wijninfo.nl Yea – wijnenwijn.nl Nay!

Over the last few weeks several wine-related posts on smaak.blogo.nl have mentioned and linked to wijnenwijn.nl, a recently launched portal for online wine shops.

smaak.blogo.nl is one of the food blogs I follow regularly. It’s the food channel of blogo.nl, a Dutch blog network, and written by professional food enthusiasts.

6 wine-related articles were posted over the course of the last 2 months on topics including Dutch wine and Christmas wine. All posts were written by new blogo contributor Karel Hoenderdos, wine lover, writer and also founder of wijnenwijn.nl. Karel did not fail to link to wijnenwijn.nl in any of his articles – so I was curious on what it had to offer.

wijnenwijn has three features – wine news, a wine agenda and search. The news and agenda features are basically empty. The last news article dates from 13 November and there is only a single event – a wine tasting scheduled for 14 December.

Then there is the main feature, wine search. There is full-text as well as an advanced search tab where you can filter by country, region, price and other data. wijnenwijn.nl also has some predefined search queries such as “champagne for EUR 30 or more” and a search service where you can ask a question and leave your email address.

I decided to test search using two of my favorite and somewhat unusual wines as examples. The first test was searching for Ripasso, a red Italian Valpolicella that is pressed a second time on Amarone grapes. The second term was Pacherenc, a spicy French white wine that I discovered recently and have enjoyed a few times since.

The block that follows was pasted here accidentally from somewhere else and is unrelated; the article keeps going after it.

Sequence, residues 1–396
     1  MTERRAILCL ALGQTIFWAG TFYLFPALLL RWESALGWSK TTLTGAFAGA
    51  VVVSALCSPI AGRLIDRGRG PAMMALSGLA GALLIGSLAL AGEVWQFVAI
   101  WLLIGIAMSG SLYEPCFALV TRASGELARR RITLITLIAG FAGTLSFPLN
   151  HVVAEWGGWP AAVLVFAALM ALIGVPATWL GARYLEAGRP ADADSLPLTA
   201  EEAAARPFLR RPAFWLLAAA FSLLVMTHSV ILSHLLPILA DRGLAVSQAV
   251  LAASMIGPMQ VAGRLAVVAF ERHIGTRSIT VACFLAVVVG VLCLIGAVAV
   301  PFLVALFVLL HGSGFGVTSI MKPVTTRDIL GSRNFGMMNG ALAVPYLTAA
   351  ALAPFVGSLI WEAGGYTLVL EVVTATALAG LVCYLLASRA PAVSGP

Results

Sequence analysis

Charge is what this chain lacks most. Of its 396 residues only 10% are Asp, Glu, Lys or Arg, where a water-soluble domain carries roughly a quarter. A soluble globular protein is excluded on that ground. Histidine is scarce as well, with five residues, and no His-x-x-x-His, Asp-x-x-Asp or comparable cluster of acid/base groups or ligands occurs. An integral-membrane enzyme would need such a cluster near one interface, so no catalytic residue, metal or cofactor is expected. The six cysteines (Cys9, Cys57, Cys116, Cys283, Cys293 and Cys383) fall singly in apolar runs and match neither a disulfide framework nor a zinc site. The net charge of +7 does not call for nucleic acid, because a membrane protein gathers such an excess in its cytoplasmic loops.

wijnenwijn.nl came back with 8 Ripasso wines including well-known Ripasso Tommasi. There was only one result for Pacherenc. For comparison, Dutch wine import database wijninfo.nl contains 23 Ripasso entries and 26 for Pacherenc wines.

wijnenwijn.nl - 1 result for pacherenc

There is no information such as reviews or descriptions of the wines on wijnenwijn.nl. Also the search parameters are spotty – information about the year was missing on about half the wines, the color was specified sometimes as “red”, sometimes as “red wine” and also often missing, and the price of the Tommasi Ripasso turned out to be EUR 22,95 instead of the EUR 21,95 listed on wijnenwijn.nl.

wijnenwijn.nl currently aggregates 13 online wine shops with a total of 4.111 wines. The database of wijninfo.nl that I use frequently contains 38.197 wines from 513 wine importers.

wijninfo.nl - search screen

In summary, it would be great to have a wine portal where you could find wines, get information and compare prices. However, wijnenwijn.nl currently falls short. There are too few wines and shops and the necessary information such as independent reviews is missing. I will continue to use wijninfo.nl, which has a very complete database, good descriptions and lists shop that sell the wines, although it does not link to them.

Torus Pacherenc du Vic-Bilh

Last night we had a great bottle of Pacherenc du Vic-Bilh for the second time! Pacherenc is a dry, white wine with a very characteristic herby flavor, not unlike Viognier.